Just two weeks after Autherine Lucy made headlines as the first African American admitted to the University of Alabama, and ten weeks into the year-long Montgomery Bus Boycott, Lucio Flowers killed Brewer, who worked as a medical doctor, in alleged self-defense. Few blacks actually believed that Brewer provoked Flowers. Rather they pointed to Brewer’s activism as the motive behind his murder. Brewer’s murder traumatized the black community and fed the flight of black professionals, including Brewer’s own family, from the city. Although it did stifle the Civil Rights Movement in Columbus, this tragedy did not end civil rights activism in the city, nor did it ease white resistance.

Black high-school and college students continued to stage protests against the racism of the city. In 1971, Coretta Scott King visited Ft. Benning and reaffirmed her commitment to nonviolent resistance after Columbus witnessed a less-than-harmonious week of school integration efforts. The 1977 conviction of a black man for a spree of murders in the posh, residentially segregated Wynnton Neighborhood, described in the Stocking Strangler story on the Freedom on Film Columbus pages, laid bare the racial anxieties that persisted in the city.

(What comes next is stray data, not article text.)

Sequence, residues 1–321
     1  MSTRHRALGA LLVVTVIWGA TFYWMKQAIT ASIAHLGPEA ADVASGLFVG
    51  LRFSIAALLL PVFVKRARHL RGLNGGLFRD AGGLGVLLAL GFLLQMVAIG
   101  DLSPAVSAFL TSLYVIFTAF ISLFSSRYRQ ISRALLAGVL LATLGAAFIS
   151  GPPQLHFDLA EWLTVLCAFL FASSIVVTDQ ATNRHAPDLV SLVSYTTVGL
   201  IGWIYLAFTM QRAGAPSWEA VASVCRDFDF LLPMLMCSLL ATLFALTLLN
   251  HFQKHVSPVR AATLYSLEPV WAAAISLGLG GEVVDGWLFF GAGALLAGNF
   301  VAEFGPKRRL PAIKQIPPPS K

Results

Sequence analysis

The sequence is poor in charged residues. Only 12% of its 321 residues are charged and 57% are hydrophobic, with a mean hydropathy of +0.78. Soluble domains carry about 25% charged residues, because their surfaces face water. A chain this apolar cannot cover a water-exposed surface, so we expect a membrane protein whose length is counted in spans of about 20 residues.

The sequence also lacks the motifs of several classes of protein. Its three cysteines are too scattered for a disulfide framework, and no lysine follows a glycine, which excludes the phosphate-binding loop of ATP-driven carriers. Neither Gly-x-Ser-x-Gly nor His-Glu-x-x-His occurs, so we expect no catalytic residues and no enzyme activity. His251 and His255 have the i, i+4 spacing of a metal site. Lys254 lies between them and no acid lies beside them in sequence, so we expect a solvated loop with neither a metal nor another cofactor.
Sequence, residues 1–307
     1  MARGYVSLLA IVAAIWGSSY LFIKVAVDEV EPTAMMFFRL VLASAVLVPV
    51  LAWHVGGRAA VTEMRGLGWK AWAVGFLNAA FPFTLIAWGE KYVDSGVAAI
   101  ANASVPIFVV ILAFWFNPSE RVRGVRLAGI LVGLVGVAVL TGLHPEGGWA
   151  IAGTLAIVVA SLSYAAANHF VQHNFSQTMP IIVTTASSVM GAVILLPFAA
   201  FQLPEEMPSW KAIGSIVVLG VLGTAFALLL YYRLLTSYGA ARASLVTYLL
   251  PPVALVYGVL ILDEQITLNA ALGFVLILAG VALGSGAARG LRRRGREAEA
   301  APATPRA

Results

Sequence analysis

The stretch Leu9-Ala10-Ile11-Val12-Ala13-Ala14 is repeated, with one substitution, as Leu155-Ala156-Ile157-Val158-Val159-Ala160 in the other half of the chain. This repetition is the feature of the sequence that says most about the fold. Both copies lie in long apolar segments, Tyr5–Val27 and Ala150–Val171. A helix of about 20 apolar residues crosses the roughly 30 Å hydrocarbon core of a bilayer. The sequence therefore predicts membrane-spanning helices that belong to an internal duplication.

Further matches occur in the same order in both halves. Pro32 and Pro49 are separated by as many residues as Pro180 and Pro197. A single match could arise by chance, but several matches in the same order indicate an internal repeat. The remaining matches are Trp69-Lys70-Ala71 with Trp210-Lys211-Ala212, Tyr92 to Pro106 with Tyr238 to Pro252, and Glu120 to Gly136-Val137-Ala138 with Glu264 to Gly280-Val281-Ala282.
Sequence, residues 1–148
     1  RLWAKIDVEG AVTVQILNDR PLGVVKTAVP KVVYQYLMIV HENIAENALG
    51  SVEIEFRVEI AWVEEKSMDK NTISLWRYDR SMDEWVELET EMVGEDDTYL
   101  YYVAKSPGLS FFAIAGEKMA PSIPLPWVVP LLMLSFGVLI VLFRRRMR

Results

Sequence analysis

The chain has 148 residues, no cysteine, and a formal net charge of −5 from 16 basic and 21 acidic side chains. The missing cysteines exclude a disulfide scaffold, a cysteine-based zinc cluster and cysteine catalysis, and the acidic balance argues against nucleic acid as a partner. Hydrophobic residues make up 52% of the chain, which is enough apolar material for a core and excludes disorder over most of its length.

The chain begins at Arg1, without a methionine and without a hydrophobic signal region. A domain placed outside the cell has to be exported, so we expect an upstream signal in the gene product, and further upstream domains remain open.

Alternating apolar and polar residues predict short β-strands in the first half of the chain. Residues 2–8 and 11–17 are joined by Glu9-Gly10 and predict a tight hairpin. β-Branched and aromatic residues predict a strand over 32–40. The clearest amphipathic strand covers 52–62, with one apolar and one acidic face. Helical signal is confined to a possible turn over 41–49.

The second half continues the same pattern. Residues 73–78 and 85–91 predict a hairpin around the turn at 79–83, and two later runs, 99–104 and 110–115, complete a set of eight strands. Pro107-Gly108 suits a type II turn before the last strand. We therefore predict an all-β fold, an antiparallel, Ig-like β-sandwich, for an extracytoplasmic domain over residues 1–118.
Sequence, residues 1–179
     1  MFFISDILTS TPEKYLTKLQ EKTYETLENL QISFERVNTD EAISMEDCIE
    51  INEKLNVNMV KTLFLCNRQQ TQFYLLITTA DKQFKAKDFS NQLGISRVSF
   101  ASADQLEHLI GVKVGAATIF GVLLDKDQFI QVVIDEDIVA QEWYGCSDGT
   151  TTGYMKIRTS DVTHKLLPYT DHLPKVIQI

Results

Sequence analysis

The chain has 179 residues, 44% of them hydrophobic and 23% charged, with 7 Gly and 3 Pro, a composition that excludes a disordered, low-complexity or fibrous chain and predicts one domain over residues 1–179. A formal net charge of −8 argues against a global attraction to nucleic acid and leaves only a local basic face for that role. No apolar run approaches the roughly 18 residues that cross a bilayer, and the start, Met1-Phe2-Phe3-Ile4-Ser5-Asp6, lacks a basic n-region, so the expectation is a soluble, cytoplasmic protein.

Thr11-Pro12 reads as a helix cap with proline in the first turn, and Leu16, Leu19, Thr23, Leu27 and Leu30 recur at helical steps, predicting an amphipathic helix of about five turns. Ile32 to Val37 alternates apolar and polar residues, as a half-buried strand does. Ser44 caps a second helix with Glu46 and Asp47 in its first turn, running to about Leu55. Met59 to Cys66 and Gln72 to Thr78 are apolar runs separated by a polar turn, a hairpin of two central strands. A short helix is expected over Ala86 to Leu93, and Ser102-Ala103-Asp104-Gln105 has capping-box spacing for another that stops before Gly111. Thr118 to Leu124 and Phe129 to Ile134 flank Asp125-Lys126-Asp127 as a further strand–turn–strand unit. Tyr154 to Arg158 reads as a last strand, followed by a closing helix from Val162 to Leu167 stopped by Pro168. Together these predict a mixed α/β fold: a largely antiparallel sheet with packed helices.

Since then, there has been increased black representation in the city’s political affairs:  Jerry Barnes now serves as a council member and residents have sent Sanford Bishop to Congress eight times. Still, racial inequalities persist. In an eight-part series on race relations in Columbus, journalist Richard Hyatt concluded by questioning levels of understanding, trust, and even fear among blacks and whites.

Suggested Resources (click here)

Writer: Christina L. Davis, Dept. of History, The University of Georgia

Editors and Researchers: Kamille Bostick, Christina L. Davis, Mary Boyce Hicks, Professor Barbara McCaskill, and the students of ENGL 4860 (Fall 2007).

Web Site Designer: William Weems  

Freedom on Film is not responsible for the content of external web sites.

Civil Rights Digital Library Initiative Digital Library of Georgia Site Map